Steven Dutch, Professor Emeritus, Natural and Applied Sciences, Universityof Wisconsin - Green Bay

Density is a good illustration of the way macroscopic properties of materials can bedescribed in accurate detail by their atomic properties. Halite or table salt, NaCl, givesus a particularly simple illustration. The atoms in halite are arranged in a cubic patternas shown below:

The spacing between Cl atoms is 5.64 Angstrom Units or 0.564 nm

It's obvious that the most fundamental cube (unit cell) of halite contains more thanone Na and one Cl atom, but how many? If we zoom in for a closer look we see that atomsare shared between adjacent cubes, complicating matters further. There are three atomiclayers in each cell and they look as shown below. In the diagrams, the Na and Cl symbolsrepeat ** only to show how atoms are shared**. There are only nine atoms in each diagram: atthe corners, midpoints of edges, and center of each square.

- The front layer layer also shares atoms with the layer in front of it. Thus we have 1/8 of the four corner Cl atoms plus half of the center one: 4(1/8)+1/2 = 1. Also, we have 1/4 of the four shared Na atoms: 4(1/4)=1.
- In the middle layer we have 1/4 of the four corner Na atoms plus the central one: 4(1/4)+1=2. Also we have half of four Cl atoms: 4(1/2)=2.
- The rear layer also shares atoms with the layer behind it. Thus we have 1/8 of the four corner Cl atoms plus half of the center one: 4(1/8)+1/2 = 1. Also, we have 1/4 of the four shared Na atoms: 4(1/4)=1.

Thus we have one Na and Cl atom in the front layer, two in the middle, and one in theback, for a total of four. Our tendency to draw unit cells with atoms at thecorners actually complicates matters. If we draw the unit cell boundariesbetween the atoms, we actually get a much simpler picture as shown below.However, sometimes it's necessary to count atoms as shared, so it's important tobe able to do it either way.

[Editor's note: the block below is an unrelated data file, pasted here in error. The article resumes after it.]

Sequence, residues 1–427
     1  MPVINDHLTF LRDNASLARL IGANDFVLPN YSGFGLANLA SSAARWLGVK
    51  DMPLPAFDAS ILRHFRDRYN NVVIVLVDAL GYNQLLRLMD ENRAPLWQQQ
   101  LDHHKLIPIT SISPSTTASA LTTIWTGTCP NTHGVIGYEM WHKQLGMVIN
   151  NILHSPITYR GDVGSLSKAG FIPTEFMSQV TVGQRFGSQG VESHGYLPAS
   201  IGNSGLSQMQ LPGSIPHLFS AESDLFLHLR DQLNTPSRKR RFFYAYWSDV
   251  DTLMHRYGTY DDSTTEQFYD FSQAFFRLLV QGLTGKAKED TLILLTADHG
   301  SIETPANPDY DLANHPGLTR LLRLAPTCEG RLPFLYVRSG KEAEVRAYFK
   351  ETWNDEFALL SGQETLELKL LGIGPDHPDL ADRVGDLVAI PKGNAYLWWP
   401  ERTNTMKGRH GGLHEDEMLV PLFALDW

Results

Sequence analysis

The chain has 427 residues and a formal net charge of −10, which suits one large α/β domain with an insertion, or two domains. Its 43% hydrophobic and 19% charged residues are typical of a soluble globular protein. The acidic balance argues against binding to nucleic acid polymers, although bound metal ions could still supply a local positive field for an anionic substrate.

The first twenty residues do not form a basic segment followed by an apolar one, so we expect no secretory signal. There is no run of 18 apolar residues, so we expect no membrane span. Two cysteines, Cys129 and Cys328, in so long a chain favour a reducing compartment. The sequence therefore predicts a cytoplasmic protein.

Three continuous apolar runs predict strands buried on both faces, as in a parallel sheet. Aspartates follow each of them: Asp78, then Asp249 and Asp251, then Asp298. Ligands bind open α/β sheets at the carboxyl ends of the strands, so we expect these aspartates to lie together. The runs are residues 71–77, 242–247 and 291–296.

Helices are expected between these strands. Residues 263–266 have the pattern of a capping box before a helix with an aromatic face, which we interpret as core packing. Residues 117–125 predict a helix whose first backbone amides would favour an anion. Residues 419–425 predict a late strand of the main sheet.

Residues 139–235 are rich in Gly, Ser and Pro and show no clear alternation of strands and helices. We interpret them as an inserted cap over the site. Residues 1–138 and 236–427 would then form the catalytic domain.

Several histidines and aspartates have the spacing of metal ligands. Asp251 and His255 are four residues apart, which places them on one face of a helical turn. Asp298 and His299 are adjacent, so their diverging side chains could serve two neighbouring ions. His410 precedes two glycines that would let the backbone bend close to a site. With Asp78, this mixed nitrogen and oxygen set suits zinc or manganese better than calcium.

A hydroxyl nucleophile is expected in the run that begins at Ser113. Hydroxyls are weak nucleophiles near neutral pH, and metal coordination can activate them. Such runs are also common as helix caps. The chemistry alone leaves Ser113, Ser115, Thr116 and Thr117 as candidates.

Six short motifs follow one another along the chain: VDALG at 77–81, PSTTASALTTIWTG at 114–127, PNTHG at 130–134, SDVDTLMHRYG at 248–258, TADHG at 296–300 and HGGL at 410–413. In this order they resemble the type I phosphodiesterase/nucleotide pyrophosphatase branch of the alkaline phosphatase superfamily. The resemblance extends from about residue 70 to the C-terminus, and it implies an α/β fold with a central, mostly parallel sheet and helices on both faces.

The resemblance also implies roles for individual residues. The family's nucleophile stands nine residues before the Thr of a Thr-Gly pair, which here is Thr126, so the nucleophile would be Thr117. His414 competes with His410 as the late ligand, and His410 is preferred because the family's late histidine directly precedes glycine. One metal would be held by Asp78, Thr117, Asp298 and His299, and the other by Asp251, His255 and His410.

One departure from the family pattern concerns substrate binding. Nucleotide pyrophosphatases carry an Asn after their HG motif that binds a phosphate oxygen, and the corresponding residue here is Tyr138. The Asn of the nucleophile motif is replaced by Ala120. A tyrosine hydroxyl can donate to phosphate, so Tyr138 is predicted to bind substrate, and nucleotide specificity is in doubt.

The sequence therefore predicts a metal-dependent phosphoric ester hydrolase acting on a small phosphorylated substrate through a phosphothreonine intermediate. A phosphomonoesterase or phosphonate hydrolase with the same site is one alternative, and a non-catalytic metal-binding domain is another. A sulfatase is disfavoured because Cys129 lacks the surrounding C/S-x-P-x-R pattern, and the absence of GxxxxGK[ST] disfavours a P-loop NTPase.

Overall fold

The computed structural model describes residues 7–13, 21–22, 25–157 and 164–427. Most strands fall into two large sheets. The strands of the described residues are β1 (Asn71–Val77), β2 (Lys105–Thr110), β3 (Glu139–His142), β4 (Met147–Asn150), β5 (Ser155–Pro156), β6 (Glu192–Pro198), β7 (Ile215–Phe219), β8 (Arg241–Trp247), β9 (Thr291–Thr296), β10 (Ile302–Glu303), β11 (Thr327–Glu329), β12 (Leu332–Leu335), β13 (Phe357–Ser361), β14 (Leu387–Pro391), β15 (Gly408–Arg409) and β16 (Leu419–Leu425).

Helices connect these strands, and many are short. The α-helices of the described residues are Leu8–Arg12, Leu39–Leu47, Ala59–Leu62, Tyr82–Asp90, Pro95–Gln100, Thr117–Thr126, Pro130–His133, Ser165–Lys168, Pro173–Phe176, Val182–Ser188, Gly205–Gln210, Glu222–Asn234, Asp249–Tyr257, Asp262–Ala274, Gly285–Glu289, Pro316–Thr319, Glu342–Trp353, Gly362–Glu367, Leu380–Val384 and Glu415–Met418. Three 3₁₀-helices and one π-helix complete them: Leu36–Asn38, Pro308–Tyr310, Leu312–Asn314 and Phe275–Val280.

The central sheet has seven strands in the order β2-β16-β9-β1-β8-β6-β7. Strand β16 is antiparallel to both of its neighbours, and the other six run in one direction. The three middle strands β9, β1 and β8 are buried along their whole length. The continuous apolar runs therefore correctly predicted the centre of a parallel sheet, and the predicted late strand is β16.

Here it is obvious we have four sodium atoms and four chlorines in a unit cell. |

The volume of the unit cell is (5.64 x 10^{-8}) cm, cubed, or1.794 x 10^{-22} cubic centimeters. The atomic weight of Na is 23 and Cl is 35.45. The totalmolecular weight of the atoms in a unit cell is 4(23 + 35.45) = 233.8.

How do we convert that to grams? A mole of sodium weighs 23 grams and contains 6.02 x10^{23} atoms (Avogadro's Number) so a single atom weighs 23/(Avogadro's Number) grams. Thusthe mass of all the atoms in a unit cell is 233.8/(Avogadro's Number) = 3.884 x10^{-22 }grams.

**Fact worth Remembering: **The mass of any atom or molecule in grams is its atomic or molecular weight divided by Avogadro's Number.

The density of halite, then, should be mass divided by volume, or

(3.884 x 10^{-22})/(1.794 x 10^{-22}) = 3.884/1.794 = 2.165 grams per cubic centimeter. **This agrees very closely with the tabulated value. **Actual densitiesmay vary slightly because of impurities but for pure materials, the calculated densityshould agree with the observed density to very high precision.

The ionic radius of Na(+1) is 0.98 Angstrom units, that of Cl(-1) is 1.81. The width ofa cube is two ionic radii of Na plus two of Cl, or 2(0.98+1.81) = 2(2.79) = 5.58 Angstromunits. This is a gratifyingly close match to the measured value. It's not exact becausethe effective radius of an ion varies a bit depending on the other atoms around it, andsome ions, especially the semi-metals, behave as if they're ellipsoidal. At the atomiclevel we begin seeing quantum effects that complicate our macroscopic concepts of reality.Nevertheless, it's amazing how far you can go in crystallography by treating atoms asrigid spheres.

**"Theory" is not some vague, arm-waving notion divorced from reality.Theories are supposed to match observation exactly. **If they don't, it'sbecause the theory is imperfect, or the observational data is inaccurate. When both thedata and the theory are sound, they should match to high precision, as they do here.

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*Created 18 September 1998, Last Update 31 May 2020*